Canada’s Successful Immigration Policy Is Vulnerable. Unofficial Entry Points Need To Be Managed.

Canada’s federal political parties agree that immigration is good for the country. In the United States, the Republicans and Democrats have an intense but incoherent disagreement.

There was a lag in immigrant arrivals in 2020-2021 because of Covid travel restrictions. Prime Minister Trudeau has more than made up for that by upping the targeted numbers to 432,000 this year, increasing to 451,000 in 2024.

Eighty percent of the admitted immigrants are chosen because of their ability to contribute to the economy, many of them nominated under provincially managed programs. This is particularly valuable in 2022, with so many occupations short of workers, building trades and health care professionals being among the most important. Most of the rest are carefully vetted refugees.

Canada and the United States have a Safe Third Country Agreement which allows asylum seekers arriving at a border crossing to be sent back to make their claim.

A persistent issue is hopefuls crossing into Canada, most notably at Roxham Road in Quebec, where the agreement does not apply because it is not an official crossing point. Some of them, most notably from Nigeria, fly across the Atlantic to the United States with the express intention of entering Canada illegally.

This was spurred on by Trudeau’s ill-advised tweet in 2017: “To those fleeing persecution, terror & war, Canadians will welcome you, regardless of your faith. Diversity is our strength.”

Some of these asylum seekers successfully apply for refugee status but many just make their way without it. The numbers have been surging. In May the Quebec government demanded that the federal government shut down the Roxham Road crossing.

According to Premier François Legault, at least 100 people every day were arriving. Few if any are prevented from entering Canada. They add considerable burden to the province’s social services, although for now they are also a response to the country’s labour shortage.

Regardless, it is a trifle compared to what the Americans are experiencing.

In the last twelve months there have been close to two million migrant encounters at or near the southern border. Of these, close to half were expelled under Title 42, a Trump-era anti-Covid policy that has continued under the Biden administration. The rest are likely to apply for asylum.

That process is dreadfully slow. According to Syracuse University, asylum seekers across the country wait an average of 810 days for an initial hearing. Republican Governors Greg Abbott of Texas and Doug Ducey of Arizona lead the affected states, which struggle to cope with the numbers but receive little support from their northern neighbours.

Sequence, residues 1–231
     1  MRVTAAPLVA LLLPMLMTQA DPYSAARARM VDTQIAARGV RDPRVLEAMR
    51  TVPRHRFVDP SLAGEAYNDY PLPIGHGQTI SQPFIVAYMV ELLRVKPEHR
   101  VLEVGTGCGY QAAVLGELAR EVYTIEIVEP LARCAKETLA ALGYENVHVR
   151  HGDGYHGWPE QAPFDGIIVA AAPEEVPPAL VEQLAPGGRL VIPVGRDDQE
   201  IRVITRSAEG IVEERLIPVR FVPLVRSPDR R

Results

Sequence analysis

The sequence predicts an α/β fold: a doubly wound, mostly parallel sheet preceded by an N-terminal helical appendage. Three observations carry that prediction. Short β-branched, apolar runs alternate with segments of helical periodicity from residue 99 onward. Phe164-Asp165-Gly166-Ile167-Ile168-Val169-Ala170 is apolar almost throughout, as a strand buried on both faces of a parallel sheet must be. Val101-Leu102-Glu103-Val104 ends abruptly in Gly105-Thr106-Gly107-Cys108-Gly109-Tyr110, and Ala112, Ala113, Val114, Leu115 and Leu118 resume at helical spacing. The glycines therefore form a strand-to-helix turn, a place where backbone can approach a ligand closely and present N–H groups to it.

To make a point the governors have begun sending busloads of irregular arrivals to northern cities such as Washington, Chicago, and New York. Many of them call themselves “sanctuary cities” that have laws, ordinances, or other regulations that obstruct immigration enforcement. This makes them safe for undocumented immigrants.

The people being shipped by border state governors are in the country legally if they are awaiting hearings for their asylum claim. Illinois Democrat Governor JB Pritzker has declared a state of emergency unlocking resources to support the arrivals. That such measures are necessary might seem bizarre to the mayors of El Paso or Del Rio, smaller cities with larger challenges.

Many observers point to the need to reform American immigration laws, which are hopelessly archaic and complicated. Pundits mourn the inability of Congress to find a bipartisan solution.

Which brings us back to Canada’s simpler context. There is no official number of people arriving at unofficial border crossings, many of which are unmonitored. Perhaps it is as many as 60,000 per year.

To have a per capita experience equivalent to the Americans would mean perhaps 20,000 per month. Unlike the United States, we do not have a process for sending a meaningful proportion back.

Canada has a government that need not struggle for a consensus to implement a solution. The opposition Conservatives would support appropriate measures to manage the illegal entries.

Immigration has Canada’s population growing at almost twice the rate of the United States and every other G7 country from 2016 to 2021. Immigrants are chosen for their likelihood to succeed and contribute to the economy. In addition, we still receive more than 50,000 refugees per year, most of them privately sponsored.

The immigration policy and its outcomes have strong public support. That support will be eroded if the number of irregular border crossers continues to grow. Perhaps some governor with a grievance against Canada will send chartered buses full of asylum seekers to Roxham Road.

Except for Trudeau’s 2017 tweet, management of the immigration file has reflected well on the Liberals. They need to deal with the illegal crossings.


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